Medicaid

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One Spark, Quality Education for All, and Medicaid are in the headlines today.

The University of Florida, Marissa Alexander, and marijuana are in the headlines today.

The Jacksonville Fire and Rescue Department, The Bill & Melinda Gates Foundation, and Medicaid expansion are in the headlines today.

School grades, Union Cty. Sheriff Jerry Whitehead, and Pastafarians are in the headlines today.

The Forrest High, The Jasksonville Sheriff's Office, and Marissa Alexander are in the headlines today.

Carol Gentry / WUSF

While most of the uninsured will be able to get subsidized health coverage Jan. 1 under the Affordable Care Act, the poorest adults under 65 will be out of luck in many states, including Florida.

You could call them “The Forgotten.”  Many are women in their 50s and 60s, too old to have children still at home so they can’t qualify for Medicaid. But they’re not yet 65 so they don’t qualify for Medicare, either.

One of them is Debra Straley, 56. She has no job and no health insurance, but luckily can get her high blood pressure pills at the St. Petersburg Free Clinic. 

There are only a few days left until the nation's new health insurance exchanges are set to open.

October 1 is  when the uninsured will first be able to sign up for health insurance online. Premium costs are expected to vary widely state by state.

Florida  has resisted Obamacare, refusing to set up its own state-run exchange.

The Florida House also refused to expand Medicaid for low-income residents, and is not allowing federally funded "navigators" access to most county health departments.

UF Health

The U.S. Department of Justice announced today that Shands Healthcare will pay $26 million to resolve allegations that its hospitals submitted false claims to Medicare, Medicaid and other federal health care programs.

It's the law of the land, and by January 1st, 2014, most Americans will be required to have some form of health insurance under the Affordable Care Act.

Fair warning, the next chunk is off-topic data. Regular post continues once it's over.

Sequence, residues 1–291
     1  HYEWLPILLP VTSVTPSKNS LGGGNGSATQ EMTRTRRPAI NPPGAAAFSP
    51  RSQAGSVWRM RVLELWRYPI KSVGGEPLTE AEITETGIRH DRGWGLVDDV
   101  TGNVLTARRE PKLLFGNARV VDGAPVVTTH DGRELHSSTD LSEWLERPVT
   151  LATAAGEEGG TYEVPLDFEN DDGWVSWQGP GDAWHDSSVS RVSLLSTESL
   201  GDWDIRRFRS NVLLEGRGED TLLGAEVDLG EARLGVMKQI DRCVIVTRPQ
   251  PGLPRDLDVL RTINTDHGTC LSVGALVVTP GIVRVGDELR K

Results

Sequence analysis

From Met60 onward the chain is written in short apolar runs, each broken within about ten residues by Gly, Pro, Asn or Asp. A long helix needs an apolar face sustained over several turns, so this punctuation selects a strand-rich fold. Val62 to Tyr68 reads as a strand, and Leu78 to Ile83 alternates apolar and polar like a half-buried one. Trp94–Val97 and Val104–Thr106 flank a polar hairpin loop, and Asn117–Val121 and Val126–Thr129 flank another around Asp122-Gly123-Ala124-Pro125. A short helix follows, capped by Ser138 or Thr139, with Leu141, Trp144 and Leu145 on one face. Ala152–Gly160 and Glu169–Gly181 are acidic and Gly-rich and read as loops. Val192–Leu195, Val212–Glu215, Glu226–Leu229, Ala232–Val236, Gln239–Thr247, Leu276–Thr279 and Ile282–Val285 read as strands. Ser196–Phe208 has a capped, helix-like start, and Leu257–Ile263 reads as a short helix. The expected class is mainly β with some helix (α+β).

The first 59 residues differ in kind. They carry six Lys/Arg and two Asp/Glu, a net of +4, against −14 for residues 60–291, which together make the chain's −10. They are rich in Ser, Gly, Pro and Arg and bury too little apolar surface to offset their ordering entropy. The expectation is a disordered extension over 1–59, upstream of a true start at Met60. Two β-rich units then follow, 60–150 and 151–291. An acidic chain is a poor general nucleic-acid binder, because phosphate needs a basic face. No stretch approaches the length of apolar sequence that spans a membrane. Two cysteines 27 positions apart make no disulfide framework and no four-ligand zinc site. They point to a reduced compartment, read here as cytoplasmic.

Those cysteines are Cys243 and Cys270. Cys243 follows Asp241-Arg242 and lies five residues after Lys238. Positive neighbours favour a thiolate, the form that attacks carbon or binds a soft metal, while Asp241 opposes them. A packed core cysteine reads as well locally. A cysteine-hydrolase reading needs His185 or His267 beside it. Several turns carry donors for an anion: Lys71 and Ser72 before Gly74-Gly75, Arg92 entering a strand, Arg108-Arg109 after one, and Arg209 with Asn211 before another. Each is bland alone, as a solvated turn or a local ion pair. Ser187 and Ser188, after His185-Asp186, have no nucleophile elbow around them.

Yet, polls show many still are confused about the law and its implementation.

More than two years after Florida lawmakers passed a controversial plan to transform the Medicaid system, it's showtime.

Florida’s private homeowners’ insurance market is “the worse it’s ever been” in the past five years according to Michael Letcher, president of the Home Insurance Buyers Guide.

“To me, the health of the market isn’t how many policies are available in the private market but what kind of choice does a customer have and what kind of ability do we all have to shop our policies,” Letcher said.

State Sen. Aaron Bean, R-Jacksonville, says the debate over how exactly to implement the Affordable Care Act in Florida is far from over. State Sen. Aaron Bean tells Health News Florida's Lottie Watts why Medicaid expansion failed during the 2013 legislative session.

It appears increasingly likely that the legislative session will end on Friday without agreement to accept more than $50 billion in federal funds to cover an estimated 1.1 million uninsured Floridians. 

If Florida doesn't take the money, many of the poorest adults in the state -- those who have incomes under $12,000 a year -- won't be offered coverage on Jan. 1, when the expansion of health coverage under the Affordable Care Act goes into effect.

Twitter

Speaker Will Weatherford introduced a new member of the Florida House this week.